Economics of Human Resource (HR) Decisions

The Make or Buy Decision Explained

The Make or Buy decision forms the cornerstone of managerial economics wherein the decision to outsource key processes compared to doing them in-house is taken based on the relative benefits and downsides of such decisions. For instance, let us take the example of the current trend among the Western companies to outsource their manufacturing to China and services to India. Behind this decision is a calculated attempt at evaluating whether it is cheaper to get the work done offshore or do it onshore. This evaluation is based on what is known as an opportunity cost. In this case, if a Western firm feels that the time and money spent in making the goods or services in their country can be employed elsewhere leading to more profits, it would then outsource such activities. On the other hand, if the Western firms think that by outsourcing the activities, they stand to lose out economically, then they would rather make the goods or services in their own countries.

Economics of HR Decisions

Similarly, HR managers have to decide whether they need to hire permanent staff or contract staff for particular jobs. If they hire a permanent resource, in addition to the basic salary and other allowances, they would have to pay social security, healthcare benefits, paid leaves, and other perks. However, hiring a resource on contract means that they would simply have to pay the agreed amount to the agency that is responsible for placing him or her. Of course, the cost and the economics are not the only aspects as other variables such as the level in the hierarchy, the perceived value added by the resource in addition to the availability or otherwise of the skill sets are to be taken into consideration. In addition, the relative costs of such value addition also form part of the economical matrix used for evaluation.

The Economics of Full Time vs. Contract Hiring

Increasingly, HR managers prefer to hire contract resources rather than full time employees because the ongoing economic downturn means that there are more workers in the market for even premium skills as well as the firms hiring such workers are also under cost pressures. Indeed, the fact that firms are doing everything possible to cut down on additional costs means that the Make or Buy decisions are increasingly being skewed in favor of the Buy side. In addition, hiring resources on contract is useful to tide over temporary shortages in demand which means that in the place of a full time resource who cannot be fired at will, the firm can simply cancel the contract or not extend it in case of the contractual resource. Further, they do not have to worry about paying healthcare, social security, and other benefits that full time resources have to be paid.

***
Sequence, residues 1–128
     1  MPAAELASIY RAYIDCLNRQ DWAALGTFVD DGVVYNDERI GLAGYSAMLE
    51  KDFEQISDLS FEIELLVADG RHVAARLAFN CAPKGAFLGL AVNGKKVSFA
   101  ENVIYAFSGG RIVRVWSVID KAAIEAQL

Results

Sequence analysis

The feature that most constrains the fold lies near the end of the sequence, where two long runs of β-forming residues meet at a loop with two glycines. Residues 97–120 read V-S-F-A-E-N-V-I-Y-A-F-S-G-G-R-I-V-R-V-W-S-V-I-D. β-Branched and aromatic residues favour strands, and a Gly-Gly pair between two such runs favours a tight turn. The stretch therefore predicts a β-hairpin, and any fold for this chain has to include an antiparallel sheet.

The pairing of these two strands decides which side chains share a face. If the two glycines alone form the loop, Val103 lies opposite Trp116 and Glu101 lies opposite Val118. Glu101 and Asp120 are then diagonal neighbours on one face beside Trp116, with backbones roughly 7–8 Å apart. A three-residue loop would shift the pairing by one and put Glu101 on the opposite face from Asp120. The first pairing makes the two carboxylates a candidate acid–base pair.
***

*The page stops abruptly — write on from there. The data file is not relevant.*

Outsourcing HR Processes

The Make or Buy decision is also in action as far the HR processes are concerned. In recent years, many firms have outsourced their payroll, hiring, event management, and public relations functions to external agencies to keep costs down. Whereas these activities were earlier being handled by the HR, nowadays many firms contract outside vendors to handle these functions. Again, the rationale for this is simple. The firms can focus on the essential functions instead of handling the noncore functions and at the same time, can cut costs as well since these functions are usually seasonal, periodic, or one time in nature. For instance, hiring is done in many firms on a seasonal basis whereas payroll is periodic meaning that it is end of the month activity, and event management and public relations are sporadic or one time in nature meaning that the firms do not lose out by outsourcing these functions.

The Concept of Core Competency

Closely related to the Make or Buy decision is the concept of core competency. This term which was coined by the legendary management expert, C K Prahlad, refers to the advantages for firms to focus only on their core functions and outsource everything else. In the case of the HR activities discussed above, it has become the trend in many firms for the HR manager to focus on people engagement and people enabling rather than devote time to the peripheral activities. Even in the case of the HR processes, it has become the norm to do only the core processes and entrust external vendors for the noncore processes. The concept of core competency drives outsourcing whether in the West or in the East with the difference being the degree and the nature of the activity being outsourced. It is also the fact that most firms are engaged in identifying what processes are peripheral and what processes are core to the firm.

Conclusion

As can be seen from the preceding discussion, the Make or Buy decision dominates the economics of managerial decision making and the HR function is not immune to this. To understand how the Make or Buy decision impacts individuals as well, the decision to use public transport versus own vehicle, the decision to make food in the house versus ordering from outside, the decision to call a handyman to fix the plumbing, electricity, or to attend to other fixes, are all driven by the cost benefit analysis of whether it is cheaper to outsource versus make it oneself. Indeed, the fact that one can save time by outsourcing rather than fixing these issues ourselves means that the time saved can be put to more productive uses. In conclusion, the economics behind decision making is to maximize the returns from the decision whether it is something as simple as calling in the plumber or as complex as whether to outsource the organizational functions.


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